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The Gods Themselves – Pink Noise (Self Released)

The Gods Themselves

Remember Steve Fisk and the bands who he touched that turned to gold? Nirvana. Soundgarden. Low. The Posies. Well Seattle’s The Gods Themselves enlisted Fisk to work on Pink Noise and they are all the better for it. Fisk is able to bring out all of the positive elements of this band, as well as accentuate the group’s rock and roll mantra. I cannot say if this gave The Gods Themselves more confidence, but whatever it is brings out the best in their rock and roll road trip into infinity. You hear “Stop/Listen” and you can visualize this song stretching out to the ends of the earth, especially in a live setting. Oh, how easy it would be to just not stop. But then again anything with a wah-wah has that effect.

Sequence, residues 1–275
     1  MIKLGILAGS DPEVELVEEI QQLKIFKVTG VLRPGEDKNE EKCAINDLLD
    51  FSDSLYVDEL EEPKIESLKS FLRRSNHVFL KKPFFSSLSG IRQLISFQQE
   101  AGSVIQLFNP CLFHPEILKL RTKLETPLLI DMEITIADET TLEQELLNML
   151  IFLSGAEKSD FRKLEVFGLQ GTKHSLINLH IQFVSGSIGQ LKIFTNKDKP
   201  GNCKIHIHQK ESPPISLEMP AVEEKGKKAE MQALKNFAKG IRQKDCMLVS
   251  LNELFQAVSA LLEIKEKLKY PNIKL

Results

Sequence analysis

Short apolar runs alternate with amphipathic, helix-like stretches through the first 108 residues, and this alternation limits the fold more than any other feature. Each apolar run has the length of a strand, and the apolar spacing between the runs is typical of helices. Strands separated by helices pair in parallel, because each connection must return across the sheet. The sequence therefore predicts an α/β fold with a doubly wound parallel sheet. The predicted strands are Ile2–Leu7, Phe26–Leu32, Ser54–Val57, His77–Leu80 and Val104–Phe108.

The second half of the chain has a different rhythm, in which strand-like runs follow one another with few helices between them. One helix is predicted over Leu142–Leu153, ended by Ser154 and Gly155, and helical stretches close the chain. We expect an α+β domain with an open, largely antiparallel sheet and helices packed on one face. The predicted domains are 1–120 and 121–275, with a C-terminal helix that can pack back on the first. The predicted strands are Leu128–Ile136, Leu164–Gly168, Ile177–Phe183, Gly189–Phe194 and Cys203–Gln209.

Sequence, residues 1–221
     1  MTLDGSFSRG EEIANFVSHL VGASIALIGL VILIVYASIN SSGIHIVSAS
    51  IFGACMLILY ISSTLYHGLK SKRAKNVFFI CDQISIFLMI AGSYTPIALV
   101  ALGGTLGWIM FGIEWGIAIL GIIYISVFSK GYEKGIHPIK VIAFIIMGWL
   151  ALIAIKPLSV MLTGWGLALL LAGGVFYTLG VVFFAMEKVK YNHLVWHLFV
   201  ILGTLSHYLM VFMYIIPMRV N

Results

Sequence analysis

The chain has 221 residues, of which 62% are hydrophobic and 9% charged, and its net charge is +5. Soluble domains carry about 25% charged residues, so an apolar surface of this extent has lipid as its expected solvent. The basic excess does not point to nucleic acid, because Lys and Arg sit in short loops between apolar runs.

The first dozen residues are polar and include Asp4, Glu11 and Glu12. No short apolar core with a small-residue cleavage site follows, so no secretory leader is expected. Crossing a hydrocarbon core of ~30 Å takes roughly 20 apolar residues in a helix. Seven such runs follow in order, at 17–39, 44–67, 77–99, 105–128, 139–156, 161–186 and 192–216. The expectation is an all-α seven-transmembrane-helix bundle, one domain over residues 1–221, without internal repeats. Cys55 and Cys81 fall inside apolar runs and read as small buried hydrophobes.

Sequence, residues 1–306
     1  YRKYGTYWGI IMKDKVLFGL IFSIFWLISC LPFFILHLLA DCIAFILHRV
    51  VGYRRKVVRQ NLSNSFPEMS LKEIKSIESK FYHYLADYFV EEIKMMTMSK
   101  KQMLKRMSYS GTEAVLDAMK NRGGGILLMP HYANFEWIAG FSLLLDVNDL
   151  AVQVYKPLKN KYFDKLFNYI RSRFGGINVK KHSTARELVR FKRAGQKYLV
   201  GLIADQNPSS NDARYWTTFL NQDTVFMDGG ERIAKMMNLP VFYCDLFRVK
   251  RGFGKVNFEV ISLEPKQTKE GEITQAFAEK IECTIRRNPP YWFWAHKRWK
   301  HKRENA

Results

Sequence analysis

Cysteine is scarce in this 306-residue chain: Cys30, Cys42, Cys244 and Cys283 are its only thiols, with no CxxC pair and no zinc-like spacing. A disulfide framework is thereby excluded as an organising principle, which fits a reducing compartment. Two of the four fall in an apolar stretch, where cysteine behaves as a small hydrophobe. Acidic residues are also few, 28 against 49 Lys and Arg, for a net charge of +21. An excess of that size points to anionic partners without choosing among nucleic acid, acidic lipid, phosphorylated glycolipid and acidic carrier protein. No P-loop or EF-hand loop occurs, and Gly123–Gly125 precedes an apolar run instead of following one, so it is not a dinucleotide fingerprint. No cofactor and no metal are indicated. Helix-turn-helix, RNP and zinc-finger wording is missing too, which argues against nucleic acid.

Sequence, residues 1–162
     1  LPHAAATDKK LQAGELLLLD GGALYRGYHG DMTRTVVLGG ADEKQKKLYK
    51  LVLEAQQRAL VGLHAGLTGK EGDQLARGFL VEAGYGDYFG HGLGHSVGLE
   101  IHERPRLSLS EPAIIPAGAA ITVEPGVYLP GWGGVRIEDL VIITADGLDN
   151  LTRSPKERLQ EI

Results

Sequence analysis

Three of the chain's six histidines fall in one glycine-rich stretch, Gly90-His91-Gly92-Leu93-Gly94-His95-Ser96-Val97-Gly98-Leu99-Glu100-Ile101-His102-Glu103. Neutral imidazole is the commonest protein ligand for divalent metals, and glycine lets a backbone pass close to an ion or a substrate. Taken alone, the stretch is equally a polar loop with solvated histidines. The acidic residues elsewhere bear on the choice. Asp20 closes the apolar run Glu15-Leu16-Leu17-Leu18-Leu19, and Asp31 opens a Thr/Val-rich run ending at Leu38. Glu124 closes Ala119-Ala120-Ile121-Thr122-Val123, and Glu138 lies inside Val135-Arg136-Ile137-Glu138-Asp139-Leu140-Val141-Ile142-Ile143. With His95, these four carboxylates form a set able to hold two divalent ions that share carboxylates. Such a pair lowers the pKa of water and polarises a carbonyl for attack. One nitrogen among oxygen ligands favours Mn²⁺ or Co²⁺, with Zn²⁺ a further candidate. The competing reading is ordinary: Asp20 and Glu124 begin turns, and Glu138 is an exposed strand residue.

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There are elements of comparison to Make Up with a rekindled spirit and lust for a lost culture, but I believe The Gods Themselves are here just to blow your minds and not propose change. Incorporating classic soul with powerful hip shaking rock and roll on “Tell Me” is about as immediate as a call and response as it gets here.

“Love and Television” best exemplifies what this band can offer with elements of dance floor whipped beats, Brit Pop prance and a little bit of punk pounce. If you say, this sounds a lot like Elastica, that is a pretty good comparison.

I would say the song “Electricity” is the best demonstration for the band to sound like they are pushing forward into the future. Otherwise, most of this album just makes me long for ‘60s psych and rock. However, where The Gods Themselves differs is they don’t always try to propel themselves through the freedom of free spirit, but utilize things like Astra Elane’s wah-wah as if it were a weapon.

The Gods Themselves are great at tapping into the core essentials of rock and then exploiting them into a sound experience, but take that at face value because in order to get to the bone, you have to dig back to its primary source.

Andrew Duncan
Dug out from a pile of zines and hot sauce, Andrew Duncan has contributed to many publications through the years, including Chord and work with the ever so spunky Readyset...Aesthetic! He now resides deep within your membrane.

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